26 March 2013
The WSF World Junior Squash Championships are taking place in July in a country of unprecedented expansion for the sport. “Squash is the fastest growing sport in Poland,” says Maciek Maciantowicz, Vice President of the Polish Squash Federation.
With a growth rate of around 25% a year, the sport has taken off significantly in the last ten years – following the building of the first court in 1976 in Brodnica by construction workers who simply wanted to play squash while working there!
The WSF World Junior Championships will take place in Wroclaw at the Hasta La Vista Club, a centre which boasts 15 squash courts including an all-glass permanent showcourt.
Poland first established itself on the international squash map, however, in 2011 when the European Individual Championships were staged in Warsaw, then later in 2012 when the Sebo Squash & Art Festival was held on a court erected in the open air in the centre of Krakow.
The reasons for such strong growth – according to Tomasz Banasiak, President of the Polish Squash Federation – centre around education of investors and players, and the provision of local event opportunities.
The Federation organised 463 events in Poland last year.
“Squash is probably the best-matched sport for our country, fitting our geographical conditions for the whole year,” said Banasiak. “It also responds t
o the needs of our active and hungry-for-success developing Polish population.
“We can see independent investors continuing to spread clubs widely in the whole country. The Polish Squash Federation provides an increasingly professional environment for adults and juniors, high-performance and recreational players with coaches, and referees – including all our tournaments at different levels.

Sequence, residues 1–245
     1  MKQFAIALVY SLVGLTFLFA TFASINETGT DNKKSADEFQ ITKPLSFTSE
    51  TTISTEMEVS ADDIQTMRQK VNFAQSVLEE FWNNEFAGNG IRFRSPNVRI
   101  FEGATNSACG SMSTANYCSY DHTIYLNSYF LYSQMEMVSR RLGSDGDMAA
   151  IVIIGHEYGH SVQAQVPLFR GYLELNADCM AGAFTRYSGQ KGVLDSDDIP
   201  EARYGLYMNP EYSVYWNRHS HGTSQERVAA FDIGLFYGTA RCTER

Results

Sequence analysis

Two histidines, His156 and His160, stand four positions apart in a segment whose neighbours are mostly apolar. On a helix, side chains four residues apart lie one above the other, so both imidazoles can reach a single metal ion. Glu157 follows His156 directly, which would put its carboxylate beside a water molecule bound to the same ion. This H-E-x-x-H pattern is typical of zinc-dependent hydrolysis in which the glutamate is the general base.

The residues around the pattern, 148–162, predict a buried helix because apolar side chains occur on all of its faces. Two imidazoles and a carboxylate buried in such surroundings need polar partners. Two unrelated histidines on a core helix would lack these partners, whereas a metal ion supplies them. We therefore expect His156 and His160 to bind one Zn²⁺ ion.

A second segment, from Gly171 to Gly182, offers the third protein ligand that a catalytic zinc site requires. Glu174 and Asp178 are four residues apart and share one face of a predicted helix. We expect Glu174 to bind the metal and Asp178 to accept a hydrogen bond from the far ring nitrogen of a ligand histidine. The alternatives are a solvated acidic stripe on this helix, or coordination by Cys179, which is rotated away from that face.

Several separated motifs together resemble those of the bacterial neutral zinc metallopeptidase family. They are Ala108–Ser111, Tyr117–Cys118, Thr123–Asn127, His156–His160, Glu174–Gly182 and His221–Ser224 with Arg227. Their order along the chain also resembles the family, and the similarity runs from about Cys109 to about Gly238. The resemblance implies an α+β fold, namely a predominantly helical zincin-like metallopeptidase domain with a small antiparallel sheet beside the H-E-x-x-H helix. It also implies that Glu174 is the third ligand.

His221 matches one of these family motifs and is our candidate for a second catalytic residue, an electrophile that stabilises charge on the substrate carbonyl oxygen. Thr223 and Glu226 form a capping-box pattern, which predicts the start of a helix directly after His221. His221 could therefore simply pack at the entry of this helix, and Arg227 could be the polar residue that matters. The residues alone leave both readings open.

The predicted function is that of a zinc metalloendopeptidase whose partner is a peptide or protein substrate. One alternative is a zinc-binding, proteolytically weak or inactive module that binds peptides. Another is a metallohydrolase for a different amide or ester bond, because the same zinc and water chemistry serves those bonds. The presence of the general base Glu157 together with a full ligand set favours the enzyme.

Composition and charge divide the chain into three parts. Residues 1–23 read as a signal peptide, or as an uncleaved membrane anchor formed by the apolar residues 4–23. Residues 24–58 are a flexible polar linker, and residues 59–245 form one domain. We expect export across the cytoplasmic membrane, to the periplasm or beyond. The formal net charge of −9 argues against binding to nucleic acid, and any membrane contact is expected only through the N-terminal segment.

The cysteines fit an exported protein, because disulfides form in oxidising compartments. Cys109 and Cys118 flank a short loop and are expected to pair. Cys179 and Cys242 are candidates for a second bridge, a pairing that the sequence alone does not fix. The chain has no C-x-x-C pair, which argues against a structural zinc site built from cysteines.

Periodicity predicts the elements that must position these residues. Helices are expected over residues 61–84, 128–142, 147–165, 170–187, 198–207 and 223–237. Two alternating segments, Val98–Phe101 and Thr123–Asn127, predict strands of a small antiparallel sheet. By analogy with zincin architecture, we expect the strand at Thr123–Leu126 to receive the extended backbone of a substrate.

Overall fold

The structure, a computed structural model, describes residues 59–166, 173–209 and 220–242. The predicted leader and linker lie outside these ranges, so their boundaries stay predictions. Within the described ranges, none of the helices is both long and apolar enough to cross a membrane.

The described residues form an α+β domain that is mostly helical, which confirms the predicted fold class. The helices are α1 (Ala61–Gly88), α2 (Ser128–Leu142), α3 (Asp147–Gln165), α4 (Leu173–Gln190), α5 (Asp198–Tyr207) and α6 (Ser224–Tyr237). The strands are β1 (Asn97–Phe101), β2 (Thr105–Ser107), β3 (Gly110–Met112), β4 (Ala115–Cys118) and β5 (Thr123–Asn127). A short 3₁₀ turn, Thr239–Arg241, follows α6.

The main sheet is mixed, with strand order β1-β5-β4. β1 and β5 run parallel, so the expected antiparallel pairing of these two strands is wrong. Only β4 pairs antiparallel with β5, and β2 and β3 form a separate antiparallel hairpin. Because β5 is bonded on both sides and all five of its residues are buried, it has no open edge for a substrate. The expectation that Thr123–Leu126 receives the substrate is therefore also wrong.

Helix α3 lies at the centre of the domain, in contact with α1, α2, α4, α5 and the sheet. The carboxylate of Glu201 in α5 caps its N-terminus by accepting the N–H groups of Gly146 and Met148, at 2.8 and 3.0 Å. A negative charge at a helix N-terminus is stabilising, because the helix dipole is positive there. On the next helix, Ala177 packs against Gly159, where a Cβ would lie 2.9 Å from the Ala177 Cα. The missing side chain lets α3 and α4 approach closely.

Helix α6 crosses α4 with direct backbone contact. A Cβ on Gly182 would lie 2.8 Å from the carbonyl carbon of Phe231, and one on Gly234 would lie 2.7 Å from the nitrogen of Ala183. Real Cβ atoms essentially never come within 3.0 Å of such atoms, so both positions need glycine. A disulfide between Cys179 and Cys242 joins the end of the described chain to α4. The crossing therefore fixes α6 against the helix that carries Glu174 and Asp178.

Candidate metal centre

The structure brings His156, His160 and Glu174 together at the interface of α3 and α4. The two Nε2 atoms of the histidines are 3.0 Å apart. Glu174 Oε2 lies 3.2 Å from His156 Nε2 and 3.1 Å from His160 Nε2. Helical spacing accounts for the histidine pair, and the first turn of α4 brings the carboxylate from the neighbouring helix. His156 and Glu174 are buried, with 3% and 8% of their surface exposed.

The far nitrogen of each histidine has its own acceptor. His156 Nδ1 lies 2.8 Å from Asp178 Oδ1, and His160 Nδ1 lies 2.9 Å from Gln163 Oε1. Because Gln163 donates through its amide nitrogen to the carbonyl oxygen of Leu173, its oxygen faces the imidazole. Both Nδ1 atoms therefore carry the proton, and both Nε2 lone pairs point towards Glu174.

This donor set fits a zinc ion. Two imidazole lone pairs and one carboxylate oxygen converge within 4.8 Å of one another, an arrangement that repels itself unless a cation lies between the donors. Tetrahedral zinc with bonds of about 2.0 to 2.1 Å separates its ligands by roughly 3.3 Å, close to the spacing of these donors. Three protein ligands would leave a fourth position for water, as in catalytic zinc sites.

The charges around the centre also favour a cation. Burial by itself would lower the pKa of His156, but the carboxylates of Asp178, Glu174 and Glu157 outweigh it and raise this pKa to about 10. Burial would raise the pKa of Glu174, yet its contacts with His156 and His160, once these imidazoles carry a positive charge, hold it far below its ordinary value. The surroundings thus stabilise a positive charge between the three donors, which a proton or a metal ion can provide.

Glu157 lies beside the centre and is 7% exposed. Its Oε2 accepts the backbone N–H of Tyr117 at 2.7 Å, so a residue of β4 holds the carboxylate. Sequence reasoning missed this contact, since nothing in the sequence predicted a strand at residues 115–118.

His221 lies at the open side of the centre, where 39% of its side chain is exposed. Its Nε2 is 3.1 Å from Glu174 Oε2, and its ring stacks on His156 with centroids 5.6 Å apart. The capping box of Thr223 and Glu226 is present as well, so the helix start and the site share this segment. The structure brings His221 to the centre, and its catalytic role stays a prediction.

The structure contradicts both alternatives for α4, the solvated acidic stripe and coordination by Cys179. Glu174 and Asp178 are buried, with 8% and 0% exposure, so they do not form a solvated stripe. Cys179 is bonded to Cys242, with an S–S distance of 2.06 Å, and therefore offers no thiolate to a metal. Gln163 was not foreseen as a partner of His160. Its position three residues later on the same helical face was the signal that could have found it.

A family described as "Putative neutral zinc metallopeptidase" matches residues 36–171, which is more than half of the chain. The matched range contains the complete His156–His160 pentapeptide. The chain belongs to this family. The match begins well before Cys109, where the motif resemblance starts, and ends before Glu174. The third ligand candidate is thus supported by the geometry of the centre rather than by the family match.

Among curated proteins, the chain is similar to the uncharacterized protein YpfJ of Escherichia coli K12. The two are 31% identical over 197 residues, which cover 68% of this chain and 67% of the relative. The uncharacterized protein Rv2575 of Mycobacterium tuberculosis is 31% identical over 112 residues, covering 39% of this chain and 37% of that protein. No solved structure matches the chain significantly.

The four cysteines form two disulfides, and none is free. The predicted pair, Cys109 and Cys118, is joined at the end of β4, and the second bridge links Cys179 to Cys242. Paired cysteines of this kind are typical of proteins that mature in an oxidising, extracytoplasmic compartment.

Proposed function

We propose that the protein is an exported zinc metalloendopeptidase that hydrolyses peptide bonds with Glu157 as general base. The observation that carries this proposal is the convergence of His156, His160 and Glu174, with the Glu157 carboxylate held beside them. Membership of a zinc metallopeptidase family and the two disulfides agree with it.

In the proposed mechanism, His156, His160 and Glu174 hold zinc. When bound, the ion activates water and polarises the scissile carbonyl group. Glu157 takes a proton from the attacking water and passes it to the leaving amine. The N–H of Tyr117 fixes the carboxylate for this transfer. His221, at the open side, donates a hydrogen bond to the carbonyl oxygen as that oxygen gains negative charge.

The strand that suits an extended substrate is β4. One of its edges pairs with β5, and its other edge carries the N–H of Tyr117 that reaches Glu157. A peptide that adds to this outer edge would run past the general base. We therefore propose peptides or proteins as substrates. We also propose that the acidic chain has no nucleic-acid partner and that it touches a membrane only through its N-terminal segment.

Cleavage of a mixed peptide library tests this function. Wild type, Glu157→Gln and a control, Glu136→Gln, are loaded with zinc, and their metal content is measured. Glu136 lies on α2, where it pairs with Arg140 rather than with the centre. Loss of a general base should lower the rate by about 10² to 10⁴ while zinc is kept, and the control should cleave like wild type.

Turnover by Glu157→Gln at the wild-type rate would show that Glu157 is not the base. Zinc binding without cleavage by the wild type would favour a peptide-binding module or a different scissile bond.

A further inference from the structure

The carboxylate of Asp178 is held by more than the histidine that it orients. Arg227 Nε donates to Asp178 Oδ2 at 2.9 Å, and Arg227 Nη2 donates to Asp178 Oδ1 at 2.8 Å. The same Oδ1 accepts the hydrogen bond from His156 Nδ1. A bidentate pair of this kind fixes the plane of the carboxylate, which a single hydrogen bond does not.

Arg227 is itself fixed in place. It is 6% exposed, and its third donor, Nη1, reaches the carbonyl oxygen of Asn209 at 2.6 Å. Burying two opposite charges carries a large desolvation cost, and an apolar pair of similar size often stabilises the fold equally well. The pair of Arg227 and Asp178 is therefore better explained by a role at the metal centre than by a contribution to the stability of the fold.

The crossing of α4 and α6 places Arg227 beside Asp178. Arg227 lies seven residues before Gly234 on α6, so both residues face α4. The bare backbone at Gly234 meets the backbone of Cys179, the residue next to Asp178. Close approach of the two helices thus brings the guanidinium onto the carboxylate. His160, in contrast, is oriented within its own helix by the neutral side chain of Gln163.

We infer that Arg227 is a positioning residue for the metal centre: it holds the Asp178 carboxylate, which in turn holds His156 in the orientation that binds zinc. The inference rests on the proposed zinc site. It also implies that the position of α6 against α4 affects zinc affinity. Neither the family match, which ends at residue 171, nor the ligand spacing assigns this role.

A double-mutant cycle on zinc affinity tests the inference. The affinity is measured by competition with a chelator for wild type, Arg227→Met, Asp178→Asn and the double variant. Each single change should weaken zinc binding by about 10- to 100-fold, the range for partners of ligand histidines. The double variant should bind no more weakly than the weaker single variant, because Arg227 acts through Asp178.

“The World Junior Championship 2013 in W
roclaw is the milestone to the expansion of squash this year,” added Banasiak. “Becoming a part of the 2020 Olympic Games would give us another kick among all activities led in Poland by those passionate for Squash.”
World Squash Federation CEO Andrew Shelley added: “Poland now has 100,000 players spread across the country – and part of the reason for this growth is that Poles have really taken to a sport that provides great exercise without eating too much into th
eir leisure time.
“The sport is being embraced by students and seen as a great opportunity by investors – and leisure-time for the sport is increasingly being provided free by employers.
“This growth has begun to be seen in success in the world professional Tours, with Polish players breaking into the men’s top 200, and into the women’s top 100,” Shelley explained.
“The WSF World Juniors in Wroclaw in July will no doubt attract additional media attention for the sport as well as giving local players the chance to see all the very best young players in the world in action.”